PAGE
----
The success of an organisation depends on its ability to adapt. So, change or transformation - the corporate watchword these days - is inevitable in order for businesses to grow continuously.
But what kind of change is suited to an organisation? More importantly, as a leader, how do you bring everyone on board?
One of the negative but natural outcomes arising from change is fear - fear of having to do things in a new way, or fear of having one’s job eliminated or reduced. This fear, if not managed at the top level, will eventually drive a divide within an organisation, says organisational psychologist Hetal Doshi.
There is this notion of You versus Me. So, when you have You versus Me, you cannot have We.
“There is this notion of You versus Me. So, when you have You versus Me, you cannot have We,” says Doshi, referring to the organisation. “And that becomes a problem if it is not addressed.”
Doshi, founder of O Psych, a psychology-based people performance solutions company, has worked with many Fortune 500 companies for over a decade now, helping organisations identify strategies to transform and push performance of its talents.
The Singaporean, who now calls Kuala Lumpur as home, explains that Me-centered or I-centered workplaces are often characterised by cultures that are high on fear and lack of trust among leaders and employees.
In Malaysia, she says the situation is exacerbated by a passive aggressive culture.
“The thing about Malaysia is that, you don’t only have You versus Me (culture), you have an overarching culture of passive aggression.”
“Which means, we will not say it out necessarily, but we will do a lot of things to create sabotage behind your back; either through resistance, or sabotage or through alliances by making a pact of leaving together. It could be many things.”
“So, on one hand, people can be vocal but typically, they like to do it in a safe space because courage is not something that is promoted valuably as a culture in Malaysia. So the question is, what happens then?” asks Doshi.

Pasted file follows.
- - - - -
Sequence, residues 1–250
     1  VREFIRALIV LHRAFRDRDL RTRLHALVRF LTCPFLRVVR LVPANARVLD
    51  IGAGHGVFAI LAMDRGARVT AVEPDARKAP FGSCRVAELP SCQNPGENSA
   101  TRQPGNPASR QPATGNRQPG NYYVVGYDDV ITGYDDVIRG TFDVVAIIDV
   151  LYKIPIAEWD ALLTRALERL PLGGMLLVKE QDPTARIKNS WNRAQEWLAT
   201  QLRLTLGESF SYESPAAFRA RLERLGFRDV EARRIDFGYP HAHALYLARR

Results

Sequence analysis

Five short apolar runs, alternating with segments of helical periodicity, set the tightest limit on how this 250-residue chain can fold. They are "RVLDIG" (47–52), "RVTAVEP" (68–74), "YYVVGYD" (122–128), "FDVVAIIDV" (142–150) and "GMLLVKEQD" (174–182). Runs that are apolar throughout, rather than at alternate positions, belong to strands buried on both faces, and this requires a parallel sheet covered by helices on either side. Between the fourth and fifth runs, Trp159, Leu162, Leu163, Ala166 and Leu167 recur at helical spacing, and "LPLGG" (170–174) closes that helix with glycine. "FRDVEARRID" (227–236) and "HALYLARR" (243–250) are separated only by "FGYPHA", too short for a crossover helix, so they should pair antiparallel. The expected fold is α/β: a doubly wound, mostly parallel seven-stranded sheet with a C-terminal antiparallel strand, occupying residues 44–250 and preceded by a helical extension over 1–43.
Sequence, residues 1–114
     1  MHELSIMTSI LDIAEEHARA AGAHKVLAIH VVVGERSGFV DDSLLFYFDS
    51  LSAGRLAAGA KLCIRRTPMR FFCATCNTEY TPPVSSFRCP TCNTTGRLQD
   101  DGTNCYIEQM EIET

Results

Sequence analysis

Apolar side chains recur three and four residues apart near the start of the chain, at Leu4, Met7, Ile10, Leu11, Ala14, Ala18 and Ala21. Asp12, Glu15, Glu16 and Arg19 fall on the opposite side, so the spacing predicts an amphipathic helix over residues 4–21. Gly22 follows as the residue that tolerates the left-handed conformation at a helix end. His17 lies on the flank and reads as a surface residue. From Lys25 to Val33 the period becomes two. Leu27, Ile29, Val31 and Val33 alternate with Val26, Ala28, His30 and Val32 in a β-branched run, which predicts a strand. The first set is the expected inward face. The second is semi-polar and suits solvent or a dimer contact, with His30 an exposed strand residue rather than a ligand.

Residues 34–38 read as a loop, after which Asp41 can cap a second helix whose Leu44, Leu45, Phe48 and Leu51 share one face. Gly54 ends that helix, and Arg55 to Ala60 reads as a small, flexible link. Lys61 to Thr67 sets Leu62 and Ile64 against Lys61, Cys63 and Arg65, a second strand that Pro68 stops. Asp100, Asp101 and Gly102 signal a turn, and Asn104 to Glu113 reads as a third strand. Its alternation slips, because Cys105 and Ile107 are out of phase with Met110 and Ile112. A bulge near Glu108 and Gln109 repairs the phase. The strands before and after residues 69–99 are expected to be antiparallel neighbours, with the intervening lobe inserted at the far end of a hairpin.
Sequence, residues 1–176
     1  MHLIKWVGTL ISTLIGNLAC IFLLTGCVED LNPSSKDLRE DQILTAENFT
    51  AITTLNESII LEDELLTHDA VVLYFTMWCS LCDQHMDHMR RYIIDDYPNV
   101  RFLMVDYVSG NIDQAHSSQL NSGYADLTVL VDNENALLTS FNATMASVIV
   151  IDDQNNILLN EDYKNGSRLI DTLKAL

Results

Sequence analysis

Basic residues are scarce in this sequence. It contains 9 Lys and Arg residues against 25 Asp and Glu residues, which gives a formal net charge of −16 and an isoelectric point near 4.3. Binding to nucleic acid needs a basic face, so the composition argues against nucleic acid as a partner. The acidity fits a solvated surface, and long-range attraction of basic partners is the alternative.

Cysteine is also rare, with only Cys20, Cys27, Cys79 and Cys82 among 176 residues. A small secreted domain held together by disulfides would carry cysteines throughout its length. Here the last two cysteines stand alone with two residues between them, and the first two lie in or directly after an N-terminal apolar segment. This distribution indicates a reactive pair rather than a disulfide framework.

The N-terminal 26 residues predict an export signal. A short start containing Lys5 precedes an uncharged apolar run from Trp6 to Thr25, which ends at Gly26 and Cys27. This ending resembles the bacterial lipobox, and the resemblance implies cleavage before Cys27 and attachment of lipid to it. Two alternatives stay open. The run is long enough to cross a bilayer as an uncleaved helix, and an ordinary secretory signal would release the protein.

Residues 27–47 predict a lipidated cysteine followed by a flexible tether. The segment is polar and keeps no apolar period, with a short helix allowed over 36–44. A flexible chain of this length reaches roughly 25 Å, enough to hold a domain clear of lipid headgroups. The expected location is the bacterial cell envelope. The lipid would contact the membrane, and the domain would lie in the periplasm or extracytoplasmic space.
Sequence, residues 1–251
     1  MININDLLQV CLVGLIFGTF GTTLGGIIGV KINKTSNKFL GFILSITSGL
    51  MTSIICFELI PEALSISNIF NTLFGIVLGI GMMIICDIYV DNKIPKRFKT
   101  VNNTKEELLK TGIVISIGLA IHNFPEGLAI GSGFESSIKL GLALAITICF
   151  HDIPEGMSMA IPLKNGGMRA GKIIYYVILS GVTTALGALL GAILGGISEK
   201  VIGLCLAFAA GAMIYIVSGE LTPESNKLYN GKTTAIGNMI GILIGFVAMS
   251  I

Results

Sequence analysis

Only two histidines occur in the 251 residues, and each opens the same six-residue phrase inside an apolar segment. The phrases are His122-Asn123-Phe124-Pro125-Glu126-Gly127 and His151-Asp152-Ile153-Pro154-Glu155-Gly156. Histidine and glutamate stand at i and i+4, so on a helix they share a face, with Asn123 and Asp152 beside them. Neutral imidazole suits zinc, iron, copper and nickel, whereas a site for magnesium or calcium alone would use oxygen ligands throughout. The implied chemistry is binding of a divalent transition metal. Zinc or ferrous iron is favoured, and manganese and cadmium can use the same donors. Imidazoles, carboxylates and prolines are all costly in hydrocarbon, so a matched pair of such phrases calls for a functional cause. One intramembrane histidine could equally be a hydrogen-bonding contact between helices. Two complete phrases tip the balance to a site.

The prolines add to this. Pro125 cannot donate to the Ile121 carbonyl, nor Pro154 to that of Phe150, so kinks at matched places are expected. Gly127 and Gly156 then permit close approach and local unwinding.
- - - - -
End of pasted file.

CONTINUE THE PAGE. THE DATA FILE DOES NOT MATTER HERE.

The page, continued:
She says leaders must fall back on the fundamentals of building trusts in order to have an engaged and productive workforce.
“The fundamental of any human relationship is trust. If that doesn’t exists, it is a completely fake relationship that can be easily broken or manipulated,” says Doshi.
“I think most business leaders, those right at the top, may be able to do that because they often have a pure intention for the organisation, or a certain higher order of purpose that is beyond just (working for) the organisation.
“However, when it gets cascaded down, once you start breaking it down, everyone wants to look after themselves.”
The way to go about building trusts, a prerequisite to nurturing loyalty, says Doshi, is a three step process.
It begins with clarity. For organisations undergoing change, leaders must be able communicate effectively on the objectives of the change and how it will bring about benefits to the employees.
“They must make the facts very simple, layman way of saying - why we are doing it, and we come with a certain intent.”
Creating a work environment in which employees feel as if they have the power to be part of the change can be very positive too, she adds.
“So, talk to them in a logical way first and then win them their hearts over by saying, ‘Isn’t this what we all aspire actually?’, ‘How do we all come together?’, ‘What do I need to do for you, what do you need to do for me?’, ‘Are you interested in having a real relationship over here?’. So, it really is about having a heart to heart.”
“So opening up the mind. Then, opening up the heart. The last part is really interesting, that is the opening of the gut - which leads to ‘I trust you’. What it means is that now you can say anything, can do anything; I just close my eyes and I follow you,” says Doshi.
Ultimately, leaders who inspire trusts garner better output, morale, and loyalty from employees.
Here, she explains how the scientific approach can help employees see past ‘threats’ at work and move into a more collaborative space.
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